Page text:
“The punishment for poaching is the loss of a hand.” The guard answered, in the same emotionless tone.
“No! Please, no! I beg you!” The man cried, and Marian turned to Guy, her eyes wide with horror.
“A hand? Once the penalty for poaching was a day in the stocks or a flogging!”
Gisborne averted his eyes.
“The sheriff wants to eradicate crime with harsher punishments. There are too many outlaws in the forest.”
Marian’s lips trembled, and she touched Guy’s arm.
“But… a hand?” She pleaded him with her gaze, and Guy hesitated. He knew that he shouldn’t show weakness, but even the guards who were holding the prisoner had dead eyes and he shuddered.
He had the impression that they wouldn’t limit themselves to cut a hand, and Guy felt suddenly sick at the idea of what was going to happen to that young man if he let them take him to the torture chamber.
“Did he kill the deer?” Guy asked to the soldier.
“No, he missed.”
“Well, then a day in the stocks will be enough. You can go, I’ll see to it personally.”
Guy grabbed the rope that tied the hands of the man and tugged it hard, making him fall at his feet.
The guards turned their empty eyes on Guy, but they obeyed and marched away.
Marian smiled at Guy, grateful.
“Thank you.” She whispered.
Guy smiled back, trying to hide his worry. The sheriff wouldn’t be happy if he should hear about his compassion. He looked at the man at his feet, who was now thanking him over and over.
“Shut up!” He growled. “And get up. What’s your name?”
“Allan. Allan A Dale, my lord.”
“Come.”
“Where?” Allan asked, fearfully.
“To the stocks. You’ll stay there till sunset.”
“My wife will be waiting for me...” Allan began, but Guy interrupted him.
“You have no wife, do you?” Gisborne said with a smirk. “I know the kind of you, you’d say anything to escape your punishment, but this time you won’t.”
Guy closed the wrists of the young outlaw in the stocks that were in a corner of the courtyard, a few steps from the gallows, and Allan sighed in resignation.
“Well, at least it’s better than losing a hand. I suppose I should thank you all the same, mate. Hey, what’s your name?”
“Sir Guy of Gisborne.” He said, rolling his eyes at the cheekiness of the man.
“Well, thank you, Giz.”
Marian giggled, while Guy stared at him, uncertain if he should laugh or get angry.
“Beware, I could change my mind.”
The outlaw shut up and Guy walked away to go back to his work.
Left alone with him, Marian glanced at Allan. She had seen too the terrifying gaze of the guards and she knew why Guy had been merciful.
“Don’t complain,” she said to Allan. “You’ve been way luckier than you think.”
She walked away too and Allan remained alone.
He sighed, glancing at the sky.
“I hope it isn’t going to rain...”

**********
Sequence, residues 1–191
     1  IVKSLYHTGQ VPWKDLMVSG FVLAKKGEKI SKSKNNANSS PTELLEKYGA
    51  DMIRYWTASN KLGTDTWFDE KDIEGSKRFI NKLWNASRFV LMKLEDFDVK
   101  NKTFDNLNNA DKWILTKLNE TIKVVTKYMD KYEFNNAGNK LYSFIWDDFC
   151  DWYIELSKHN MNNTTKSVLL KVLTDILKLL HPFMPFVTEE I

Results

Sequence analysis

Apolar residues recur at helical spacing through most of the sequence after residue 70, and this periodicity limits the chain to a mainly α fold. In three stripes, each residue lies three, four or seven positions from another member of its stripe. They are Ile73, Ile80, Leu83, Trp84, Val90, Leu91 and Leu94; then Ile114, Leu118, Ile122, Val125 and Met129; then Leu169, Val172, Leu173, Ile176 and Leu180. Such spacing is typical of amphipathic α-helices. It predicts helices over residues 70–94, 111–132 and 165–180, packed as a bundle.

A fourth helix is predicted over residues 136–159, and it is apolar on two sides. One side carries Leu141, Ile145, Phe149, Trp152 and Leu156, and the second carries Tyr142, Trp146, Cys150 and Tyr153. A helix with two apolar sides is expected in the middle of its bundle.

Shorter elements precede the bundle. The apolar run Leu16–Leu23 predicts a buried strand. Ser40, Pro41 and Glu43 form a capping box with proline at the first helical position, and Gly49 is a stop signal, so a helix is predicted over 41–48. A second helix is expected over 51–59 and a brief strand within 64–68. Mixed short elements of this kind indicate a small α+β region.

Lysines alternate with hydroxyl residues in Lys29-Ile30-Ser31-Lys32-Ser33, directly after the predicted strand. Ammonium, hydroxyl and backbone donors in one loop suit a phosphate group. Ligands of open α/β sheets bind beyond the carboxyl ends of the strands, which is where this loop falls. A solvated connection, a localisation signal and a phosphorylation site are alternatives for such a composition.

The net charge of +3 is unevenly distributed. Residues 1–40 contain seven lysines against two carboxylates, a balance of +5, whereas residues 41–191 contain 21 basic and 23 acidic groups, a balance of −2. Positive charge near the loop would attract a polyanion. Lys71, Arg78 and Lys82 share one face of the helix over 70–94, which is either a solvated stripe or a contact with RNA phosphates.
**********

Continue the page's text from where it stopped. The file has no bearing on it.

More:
Chapter Text

Marian sat at the window of her room, looking outside. The sky was grey and the clouds looked dark and heavy with rain, but the storm hadn’t begun yet.
Sir Edward was sitting in front of the fireplace, his shoulders wrapped in a blanket and Marian hoped that he wasn’t getting a fever again.
“Are you feeling unwell, father?” She asked.
“The changing weather doesn’t agree with me, that’s all.”
“I wish we could have stayed at Knighton. The castle is too damp and cold for your health.”
The elderly lord smiled at her.
“We’ll be back there in a few days. Don’t worry for me, I’ll be well.”
The girl hoped he was right, then her attention was caught by a little group of people along the road, riding towards the castle. She frowned: those persons were all dressed in black, with the hoods of their cloaks drawn to hide their faces and they were riding together, but they didn’t talk to each other, they didn’t pay the least attention to the others in the group, as if they were perfect strangers.
Marian wondered who they were and why they were coming to the castle.
She was tempted to go back in the courtyard to peek, but the council was about to begin and she couldn’t leave her father alone.

Allan yawned and he stretched his back as he could, with his hands trapped in the stocks. He had been there for hours and he was beginning to feel tired, but of course he couldn’t complain too much, it was surely better than losing a hand.
He saw Gisborne dismissing the guards he had been training and walking back towards the castle.
“Hey, Giz!” Allan called, and the knight gave him an annoyed look, but he stopped in front of the stocks.
“What? And don’t call me that.”
“When will you free me?”
“At sunset, when I leave.”
Allan gave a glance at the sun, hidden behind the clouds but still high in the sky.
“What if it rains? And what if I need to pee?”
Guy smirked.
“Guess.” He said, then he moved to leave, but he stopped, seeing that the portcullis was being lifted.
A group of knights, dressed in black and with their faces concealed passed through the gate one by one, showing a ring to the guard. Immediately other guards rushed to get their horses and the group of men entered the castle. De Fourtnoy appeared on the door to welcome them in.
“Hey, who were those people?” Allan asked, curious, and Guy shook his head, frowning. He had seen that they were wearing the sheriff’s insignia, but he had never seen them before his illness.